If the Group does not wish to refinance the exposure, then there is refinance risk if the obligor is unable to repay by securing alternative finance. This may occur for a number of reasons which may include: the borrower is in financial difficulty, because the terms required to refinance are outside acceptable appetite at the time or the customer is unable to refinance externally due to a lack of market liquidity.
Refinance risk exposures are managed in accordance with the Group’s existing credit risk policies, processes and controls, and are not considered to be material given the Group’s prudent and through-the-cycle credit risk appetite. Where heightened refinance risk exists exposures are minimised through intensive account management and, where appropriate, are classed as impaired and/or forborne.
The process for credit risk identification, measurement and control is integrated into the Board-approved framework for credit risk appetite and governance.
Credit risk is measured from different perspectives using a range of appropriate modelling and scoring techniques at a number of levels of granularity, including total balance sheet, individual portfolio, pertinent concentrations and individual customer - for both new business and existing exposure. Key metrics, which may include total exposure, expected credit loss (ECL), risk-weighted assets, new business quality, concentration risk and portfolio performance, are reported monthly to Risk Committees and Forums.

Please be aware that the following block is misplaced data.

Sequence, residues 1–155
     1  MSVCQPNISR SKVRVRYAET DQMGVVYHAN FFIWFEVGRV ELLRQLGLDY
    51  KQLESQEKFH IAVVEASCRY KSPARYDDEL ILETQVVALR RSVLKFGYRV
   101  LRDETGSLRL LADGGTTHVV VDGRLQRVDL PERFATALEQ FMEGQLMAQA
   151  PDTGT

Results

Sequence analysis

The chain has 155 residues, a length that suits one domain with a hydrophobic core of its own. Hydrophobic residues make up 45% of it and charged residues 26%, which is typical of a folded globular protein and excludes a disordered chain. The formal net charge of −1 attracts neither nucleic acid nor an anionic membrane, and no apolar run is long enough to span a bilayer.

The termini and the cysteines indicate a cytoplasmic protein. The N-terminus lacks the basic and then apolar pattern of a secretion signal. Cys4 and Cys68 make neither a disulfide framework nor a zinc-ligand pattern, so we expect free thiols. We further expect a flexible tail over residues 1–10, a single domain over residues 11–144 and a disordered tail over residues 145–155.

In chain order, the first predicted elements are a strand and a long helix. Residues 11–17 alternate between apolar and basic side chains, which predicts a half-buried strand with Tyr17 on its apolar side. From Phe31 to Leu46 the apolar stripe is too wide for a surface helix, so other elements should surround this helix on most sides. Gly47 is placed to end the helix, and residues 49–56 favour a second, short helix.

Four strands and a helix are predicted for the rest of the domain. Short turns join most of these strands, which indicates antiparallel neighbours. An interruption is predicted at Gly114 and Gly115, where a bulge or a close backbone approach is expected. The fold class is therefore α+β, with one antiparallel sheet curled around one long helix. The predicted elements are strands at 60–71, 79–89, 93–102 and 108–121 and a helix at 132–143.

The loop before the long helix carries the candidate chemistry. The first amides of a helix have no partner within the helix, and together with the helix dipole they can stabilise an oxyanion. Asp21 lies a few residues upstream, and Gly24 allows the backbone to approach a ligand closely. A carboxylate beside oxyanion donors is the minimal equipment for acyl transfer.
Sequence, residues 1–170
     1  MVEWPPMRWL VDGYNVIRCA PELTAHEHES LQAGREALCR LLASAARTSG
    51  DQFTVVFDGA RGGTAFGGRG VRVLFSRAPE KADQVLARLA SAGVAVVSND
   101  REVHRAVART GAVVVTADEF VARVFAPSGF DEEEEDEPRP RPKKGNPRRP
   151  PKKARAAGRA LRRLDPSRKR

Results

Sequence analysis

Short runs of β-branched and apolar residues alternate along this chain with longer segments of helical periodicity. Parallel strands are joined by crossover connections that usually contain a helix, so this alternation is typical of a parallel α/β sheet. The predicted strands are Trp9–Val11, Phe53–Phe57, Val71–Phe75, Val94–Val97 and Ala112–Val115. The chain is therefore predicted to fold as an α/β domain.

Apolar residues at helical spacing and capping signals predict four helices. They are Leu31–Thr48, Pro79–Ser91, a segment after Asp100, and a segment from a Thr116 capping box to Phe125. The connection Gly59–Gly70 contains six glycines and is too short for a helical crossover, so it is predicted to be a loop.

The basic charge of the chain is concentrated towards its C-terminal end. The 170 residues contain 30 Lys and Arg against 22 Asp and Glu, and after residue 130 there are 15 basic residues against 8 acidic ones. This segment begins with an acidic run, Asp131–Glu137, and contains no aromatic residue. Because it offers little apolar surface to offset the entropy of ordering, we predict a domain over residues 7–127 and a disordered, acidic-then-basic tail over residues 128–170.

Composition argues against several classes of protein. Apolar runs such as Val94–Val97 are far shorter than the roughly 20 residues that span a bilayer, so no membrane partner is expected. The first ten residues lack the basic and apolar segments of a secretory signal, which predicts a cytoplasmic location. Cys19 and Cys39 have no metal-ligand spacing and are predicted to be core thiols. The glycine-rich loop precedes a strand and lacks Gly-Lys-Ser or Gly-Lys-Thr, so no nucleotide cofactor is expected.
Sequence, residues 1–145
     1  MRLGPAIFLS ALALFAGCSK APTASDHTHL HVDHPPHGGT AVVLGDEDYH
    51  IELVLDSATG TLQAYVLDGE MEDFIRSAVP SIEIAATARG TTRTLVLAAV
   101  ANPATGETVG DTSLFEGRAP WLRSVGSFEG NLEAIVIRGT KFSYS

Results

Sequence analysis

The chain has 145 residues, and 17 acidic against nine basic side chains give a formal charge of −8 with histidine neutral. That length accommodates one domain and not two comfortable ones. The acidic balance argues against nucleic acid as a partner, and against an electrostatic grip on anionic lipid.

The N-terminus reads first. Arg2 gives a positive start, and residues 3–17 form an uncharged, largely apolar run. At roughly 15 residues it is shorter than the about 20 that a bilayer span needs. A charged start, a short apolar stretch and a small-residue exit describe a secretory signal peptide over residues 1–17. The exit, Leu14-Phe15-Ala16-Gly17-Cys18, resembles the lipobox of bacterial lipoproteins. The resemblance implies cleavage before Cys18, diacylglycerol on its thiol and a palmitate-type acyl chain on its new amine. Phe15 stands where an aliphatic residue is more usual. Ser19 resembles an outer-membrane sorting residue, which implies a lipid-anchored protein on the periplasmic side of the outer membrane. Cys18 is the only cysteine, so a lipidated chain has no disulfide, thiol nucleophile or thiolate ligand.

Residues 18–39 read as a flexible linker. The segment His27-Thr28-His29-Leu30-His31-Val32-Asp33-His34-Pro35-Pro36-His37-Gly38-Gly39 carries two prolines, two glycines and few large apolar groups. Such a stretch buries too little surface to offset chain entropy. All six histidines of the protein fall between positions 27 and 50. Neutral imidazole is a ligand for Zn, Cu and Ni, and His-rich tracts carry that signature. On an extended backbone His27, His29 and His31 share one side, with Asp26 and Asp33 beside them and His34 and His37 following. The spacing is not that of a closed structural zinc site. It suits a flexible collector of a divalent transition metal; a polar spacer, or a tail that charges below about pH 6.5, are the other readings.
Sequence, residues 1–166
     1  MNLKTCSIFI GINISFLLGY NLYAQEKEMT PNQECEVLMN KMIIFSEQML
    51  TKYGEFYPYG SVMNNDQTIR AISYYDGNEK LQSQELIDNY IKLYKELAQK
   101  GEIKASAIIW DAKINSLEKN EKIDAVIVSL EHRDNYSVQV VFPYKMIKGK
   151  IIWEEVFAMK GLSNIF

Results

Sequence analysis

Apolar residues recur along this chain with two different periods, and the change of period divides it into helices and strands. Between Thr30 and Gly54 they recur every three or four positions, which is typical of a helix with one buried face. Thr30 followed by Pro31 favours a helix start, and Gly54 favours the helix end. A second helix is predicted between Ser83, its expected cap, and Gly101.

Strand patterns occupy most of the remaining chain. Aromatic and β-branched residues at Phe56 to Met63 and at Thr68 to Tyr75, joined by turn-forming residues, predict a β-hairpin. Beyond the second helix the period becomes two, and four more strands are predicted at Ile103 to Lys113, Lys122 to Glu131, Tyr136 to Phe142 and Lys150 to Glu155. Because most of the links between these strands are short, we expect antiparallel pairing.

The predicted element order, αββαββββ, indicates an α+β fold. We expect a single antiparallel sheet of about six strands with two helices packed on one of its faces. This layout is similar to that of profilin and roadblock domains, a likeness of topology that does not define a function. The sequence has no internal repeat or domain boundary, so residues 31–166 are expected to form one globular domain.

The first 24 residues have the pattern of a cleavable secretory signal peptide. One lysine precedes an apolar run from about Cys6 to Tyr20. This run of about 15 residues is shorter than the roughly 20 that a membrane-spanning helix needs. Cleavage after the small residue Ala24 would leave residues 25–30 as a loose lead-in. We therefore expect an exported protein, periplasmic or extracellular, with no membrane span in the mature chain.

Measures such as ECL, risk-weighted assets, observed credit performance, predicted credit quality (usually from predictive credit scoring models), collateral cover and quality, and other credit drivers (such as cash flow, affordability, leverage and indebtedness) have been incorporated into the Group's credit risk management practices to enable effective risk measurement across the Group.
The Group has also continued to strengthen its capabilities and abilities for identifying, assessing and managing climate-related risks and opportunities, recognising that Climate change is likely to result in changes in the risk profile and outlook for the Group's customers, the sectors the Group operates in and collateral/asset valuations.
In addition, stress testing and scenario analysis are used to estimate impairment losses and capital demand forecasts for both regulatory and internal purposes and to assist in the formulation of credit risk appetite.